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Back in our ‘Rain Forest Retreat’ we enjoyed drinks on the deck as the sun set, a home cooked meal and merriment by candlelight.  In the morning, we took one last stroll in ‘paradise, being mindful of the snakes and other wildlife’(as suggested in the handbook for cabin guests, ha ha) and headed for the coast!

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Managed a stroll out to The Pacific before a huge storm cloud soaked our fun.  Huddled under a picnic shelter where we devoured our soggy sandwiches and headed to the cars to dry out.  We arrived at our Nelson’s Bay ocean-side condo, early evening.  The modern, clean-line décor was the total opposite of our rain forest cabin.  The balcony wrapped around providing great views of the Bay, sailboats, mountains and sky as well as the Rainbow Lorikeets that visited each morning.

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We embraced the fact that rains would be with us during our coastal visit as we breakfasted on the porch watching the charcoal storm clouds roll towards us.  That did not deter our plans to hike up the Tomaree Head just outside of  Nelson’s Bay. As we began our ascent, the sun lit up the surf and turned the bay to cobalt blue.  The foliage and plant life were intriguing as were the remnants of a war-time radar station.  The sun played hide and seek with us allowing a thorough drenching part way up the path, leaving our view shrouded in fog and later refreshing the colours of the sea, rocks and beach.  The scary surf pounded the shore leaving my favourite beach ‘still lives’ featuring seaweed and pumice stones as well as a few bird remains from the many thousands of migrating flocks that follow that route.  Hey, here’s a good trick for this particular beach: find the largest ‘featherweight’ pumice stone you can find, pretend that it is really heavy and throw it to your friend to catch!  Ha Ha!

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We headed into Nelson’s Bay where we window shopped and checked out the marina and docks.  We all picked  our favourite boat that we’d take if  the owner wanted to give it away. PS: no one did!  In the clear waters we could see many fish who were staying away from the Pelican flock near the seafood restaurant.  Because it was Easter week, there was no shortage of bunnies, chocolate eggs and hot cross buns in the shops.  Although we all fervidly searched, no mermaids were sighted.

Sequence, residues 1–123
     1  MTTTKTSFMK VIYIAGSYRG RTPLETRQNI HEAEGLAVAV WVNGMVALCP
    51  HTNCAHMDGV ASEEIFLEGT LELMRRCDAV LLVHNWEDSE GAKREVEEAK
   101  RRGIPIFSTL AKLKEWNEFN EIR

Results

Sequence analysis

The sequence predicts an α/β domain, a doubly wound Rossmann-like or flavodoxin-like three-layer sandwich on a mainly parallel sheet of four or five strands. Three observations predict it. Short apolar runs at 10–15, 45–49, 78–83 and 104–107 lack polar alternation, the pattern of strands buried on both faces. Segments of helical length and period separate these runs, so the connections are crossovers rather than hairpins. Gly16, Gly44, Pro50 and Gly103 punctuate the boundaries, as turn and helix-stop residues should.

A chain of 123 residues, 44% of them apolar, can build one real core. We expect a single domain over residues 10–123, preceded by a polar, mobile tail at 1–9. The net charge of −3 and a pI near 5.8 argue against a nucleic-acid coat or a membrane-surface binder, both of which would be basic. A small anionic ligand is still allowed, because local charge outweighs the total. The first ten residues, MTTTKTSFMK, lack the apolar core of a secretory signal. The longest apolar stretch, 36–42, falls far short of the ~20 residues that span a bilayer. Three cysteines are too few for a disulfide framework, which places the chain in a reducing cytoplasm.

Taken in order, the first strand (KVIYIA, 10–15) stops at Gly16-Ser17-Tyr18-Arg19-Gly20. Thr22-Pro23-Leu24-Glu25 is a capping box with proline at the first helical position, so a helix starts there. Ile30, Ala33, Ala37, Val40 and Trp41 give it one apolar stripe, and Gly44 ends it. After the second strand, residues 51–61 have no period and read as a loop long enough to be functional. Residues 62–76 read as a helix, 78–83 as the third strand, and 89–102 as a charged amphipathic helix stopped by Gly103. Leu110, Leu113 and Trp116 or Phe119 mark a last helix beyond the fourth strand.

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After lunch at the condo, we packed our bags for a daybreak departure.  We sipped cocktails on the balcony as night’s curtain was drawn.  By chance, there was a partial eclipse of the moon which we were able to enjoy.  After a short drove to  nearby seafood restaurant Little Beach Boathouse our group enjoyed our final fabulous fish feast before heading back inland in the morning.

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Once again our road trip was punctuated with showers of rain and sun.  We stopped at Murray’s Craft Brewing Company where a number of  lagers, ales and stouts were sampled.  The generous tastings left us wobbly legged and rosy cheeked;  a perfect preparation for our fabulous lunch.  The “girls” nibbled soft shell crab and the “boys” devoured wagu beef.  The walls are decorated with fabulous beer posters and the picture windows looked out on the treed grounds where beer making machinery of old endure as sculptures.  What a fun place!

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                                      Mike, Al, and Chris are not always subtle when they get thirsty!!!

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                               And if you don’t like beer, you can always have cake and ice cream instead.

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We arrived back in the Hunter Valley where we would spend the last days of our vacation at Patinack Farm. Bad luck had hit the garage-freezer where the dog’s meat gets stored.  The door had come ajar and a thousand flies and their soon to be offspring had settled in.  Dani donned her hazmat suit and went to work on the cleanup.  We stayed inside and pretended that nothing had happened and voted her  “The hostess with the mostess”.

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                                                                          Ten minutes from the farm.

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We filled our last days in Australia with daily hikes on and around the farm, olive oil and balsamic vinegar tastings at the Pukara Estate, wine tasting combined with antipasto plates at the Twin Rivers Winery, shopping in the wee local town of Denman and dining at Dani and Al’s favourite restaurant, Muse, where the food, drink and décor is exquisite. 

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Muse Fine Dining is located in the gardens of the Keith Tulloch Vineyards and Winery, Hunter Valley.

Easter at home was a full day celebration with traditional dyed eggs and soldiers (toast sticks) for breakfast; a gorgeous feast for lunch and a hike to the river to make room for more chocolate eggs.  Thanks again for everything Dani and Al!

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We bade our adieu in the morning and drove to Sydney where we hoteled overnight beside the airport for our behemoth flights at daybreak.  If Australia is not on your “Wanna Go There” list already…add it now!

 

Fabulous Family Facts

Dani and Al visited Canada in July.   Al proposed to Dani in a romantic setting: at sunset on the dock beside a mirrored lake in Ontario’s cottage country where fireflies twinkled in the woods.  They will be married next July with celebrations in Canada and Australia.  Dot, Al’s Mom, will be in Ontario once again!  Liz and Curt will finally visit us here.  Al and Dani also visited Boston and Vancouver before heading home.

In Boston, Liz, Al’s sister, took a series of engagement photos of the joyous couple.  Liz is a fabulous photographer.  Check out her website to see more wonderful images: http://www.threetwelvephotography.com/312-photography/